Children need to be entertained. Classic travel activities such as I-Spy, drawing or a quiz can fill hours of journey time. They won’t realise it but the games are also engaging them in their immediate environment and encouraging them to take in and understand the surroundings all the better. With the order and routine of an airport or long journey it is important to remember the trip should be about having a good time together.

Keep a routine

We understand that holidays should be relaxing and it is good to break the shackles of a school-run and scheduled after-school activities. Sticking to some semblance of a routine, however, will keep important boundaries and give you guidelines within the holiday. Stick to set mealtimes and have established bedtimes and getting up times. They do not need to be as rigid as when you’re at home, but a semblance of a routine will reduce anxiety, tiredness and hunger.

Apps are your friend
An entire holiday will not be spent looking at Crossy Roads and Pokemon Go. That benefits nobody. Allowing children to take a turn on your smartphone or tablet, however, can cut out boredom on long car journeys or while standing round in airports. As well as a few simple games an app like Audible plays audiobooks to keep children entertained.

Get insurance
Have it and be covered. If you come back without havng to make any claims then consider it money well spent and yourself lucky. You don’t want to be stuck with medical bills or lost luggage costs when you should be enjoying a break.

Take a pushchair
Airlines transport them free of charge and a collapsible stroller has many functions you will appreciate while away. As well as giving a toddler a rest it can be a makeshift bed, trolley, chair and even toy while you are out and about.

Give some pocket money

Set a budget for children at the start of the holiday and encourage them to stick to it. Let them make their own souvenir-buying mistakes and purchasing decisions while encouraging sensible spending.

Include kids

Handing over holiday decision-making to a juvenile is a recipe for disaster, but you should hear their opinions and requests. An entire week of museums and street cafés might not be what they want. If there is a nearby waterpark they have spotted and want to visit, consider putting that on your agenda.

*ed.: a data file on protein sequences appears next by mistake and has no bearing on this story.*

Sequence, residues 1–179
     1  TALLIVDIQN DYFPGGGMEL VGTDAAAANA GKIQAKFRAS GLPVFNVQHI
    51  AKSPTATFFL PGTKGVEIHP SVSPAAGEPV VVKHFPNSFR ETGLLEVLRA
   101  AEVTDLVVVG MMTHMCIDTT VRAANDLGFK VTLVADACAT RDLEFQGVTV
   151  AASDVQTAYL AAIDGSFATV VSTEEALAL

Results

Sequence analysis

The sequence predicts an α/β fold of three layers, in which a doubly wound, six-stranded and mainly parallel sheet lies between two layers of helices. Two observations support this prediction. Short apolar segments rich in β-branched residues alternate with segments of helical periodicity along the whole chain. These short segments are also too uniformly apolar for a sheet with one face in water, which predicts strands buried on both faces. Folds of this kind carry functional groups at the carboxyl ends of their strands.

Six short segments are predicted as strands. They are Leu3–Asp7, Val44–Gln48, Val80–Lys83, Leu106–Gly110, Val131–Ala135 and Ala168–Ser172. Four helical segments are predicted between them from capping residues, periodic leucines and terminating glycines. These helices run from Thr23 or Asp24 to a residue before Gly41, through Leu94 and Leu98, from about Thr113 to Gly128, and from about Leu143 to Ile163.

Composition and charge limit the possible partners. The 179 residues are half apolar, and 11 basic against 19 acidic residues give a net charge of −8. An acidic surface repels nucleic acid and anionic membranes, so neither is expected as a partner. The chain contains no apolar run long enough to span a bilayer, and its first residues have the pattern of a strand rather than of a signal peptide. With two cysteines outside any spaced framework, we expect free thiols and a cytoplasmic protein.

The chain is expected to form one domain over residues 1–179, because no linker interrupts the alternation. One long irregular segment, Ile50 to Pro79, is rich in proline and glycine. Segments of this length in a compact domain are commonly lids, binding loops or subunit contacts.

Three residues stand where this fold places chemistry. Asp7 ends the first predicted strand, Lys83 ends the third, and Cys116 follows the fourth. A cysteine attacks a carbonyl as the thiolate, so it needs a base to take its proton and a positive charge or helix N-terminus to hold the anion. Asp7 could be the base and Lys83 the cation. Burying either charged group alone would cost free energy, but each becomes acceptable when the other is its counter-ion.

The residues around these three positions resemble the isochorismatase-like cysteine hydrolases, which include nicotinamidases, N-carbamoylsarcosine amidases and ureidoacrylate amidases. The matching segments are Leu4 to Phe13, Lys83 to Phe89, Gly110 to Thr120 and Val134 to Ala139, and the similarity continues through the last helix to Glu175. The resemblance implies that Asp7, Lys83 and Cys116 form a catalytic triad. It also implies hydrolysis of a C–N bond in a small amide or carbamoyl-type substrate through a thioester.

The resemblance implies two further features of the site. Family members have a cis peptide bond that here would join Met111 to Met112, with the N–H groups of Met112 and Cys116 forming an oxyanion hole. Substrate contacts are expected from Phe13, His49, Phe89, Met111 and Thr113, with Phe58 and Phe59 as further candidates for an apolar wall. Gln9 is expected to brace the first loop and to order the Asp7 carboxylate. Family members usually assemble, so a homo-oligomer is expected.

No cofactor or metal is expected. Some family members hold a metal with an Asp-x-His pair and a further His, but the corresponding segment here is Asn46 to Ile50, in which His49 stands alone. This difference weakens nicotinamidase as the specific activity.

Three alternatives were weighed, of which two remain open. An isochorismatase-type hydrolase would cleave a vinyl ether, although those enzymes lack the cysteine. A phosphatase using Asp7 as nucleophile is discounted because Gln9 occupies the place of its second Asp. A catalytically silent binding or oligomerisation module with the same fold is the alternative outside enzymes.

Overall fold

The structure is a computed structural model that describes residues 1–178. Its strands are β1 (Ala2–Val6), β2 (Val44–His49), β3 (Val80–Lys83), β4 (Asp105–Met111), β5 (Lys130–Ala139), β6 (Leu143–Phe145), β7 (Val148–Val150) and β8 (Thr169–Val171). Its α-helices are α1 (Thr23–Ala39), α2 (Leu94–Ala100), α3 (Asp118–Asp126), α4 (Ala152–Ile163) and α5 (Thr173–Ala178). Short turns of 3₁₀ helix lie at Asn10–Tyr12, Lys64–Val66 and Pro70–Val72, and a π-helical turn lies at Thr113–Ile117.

Be educational

A day in a foreign country will probably teach your child more than a week in school. Foreign foods, different cultures, sights, sounds, smells, languages and experiences are all learning opportunities when experienced first-hand. Escape the bubble of your hotel and explore something new.

Have alone time
If you’re travelling with more than one adult, factor in some time for yourself. Even if it is just an hour or two to walk around a market or sit by a swimming pool alone, it is a good time for you to recharge. This is your holiday as well and a small break from children, while your partner or co-traveller is on baby-sitting duty, will make you appreciate the time you’re together more than if you’re surrounded by the rabble every minute of the trip.

Challenge yourself, but be realistic
No type of holiday is off-limits, but consider the needs of the whole group. Your dream vacation of trekking to Machu Picchu or clubbing in Ibiza might not appeal to everyone. Choose holidays that are suitable for the fitness, comfort and lifestyle interests of everyone in the party.

Send postcards
To friends, relatives, teachers, or neighbours. It doesn’t matter who, they will appreciate the thought and it is a good evening activity to help kids wind down with before bedtime. The same goes for a holiday journal or photo scrapbook – both great creative outlets.

Family passes

Holidays are an expensive business. As the saying goes: “A penny bun costs fourpence” when treating an entire family. Loads of attractions have discounts for advanced online bookings or family passes with reduced rates. Look at a local version of Time Out or research destinations before you travel.

Travel in a group
Co-ordinating trips with companions or relatives can make or break a friendship for life. If you pick the right people to holiday with it can mean shared babysitting, good company and playdates for children. Get it wrong and you’re forced to stay on a houseboat with people you can’t stand and who want different things. By all means travel like this, but discuss work-sharing, time apart and expectations before you book.

Wear sunscreen
If we could offer you only one tip for the holidays, sunscreen would be it. The long-term benefits of sunscreen have been proved by scientists, whereas the rest of our advice has no basis more reliable than Time Out’s own meandering experience. Also – check it is not haemorrhoid cream before you smear it on your face.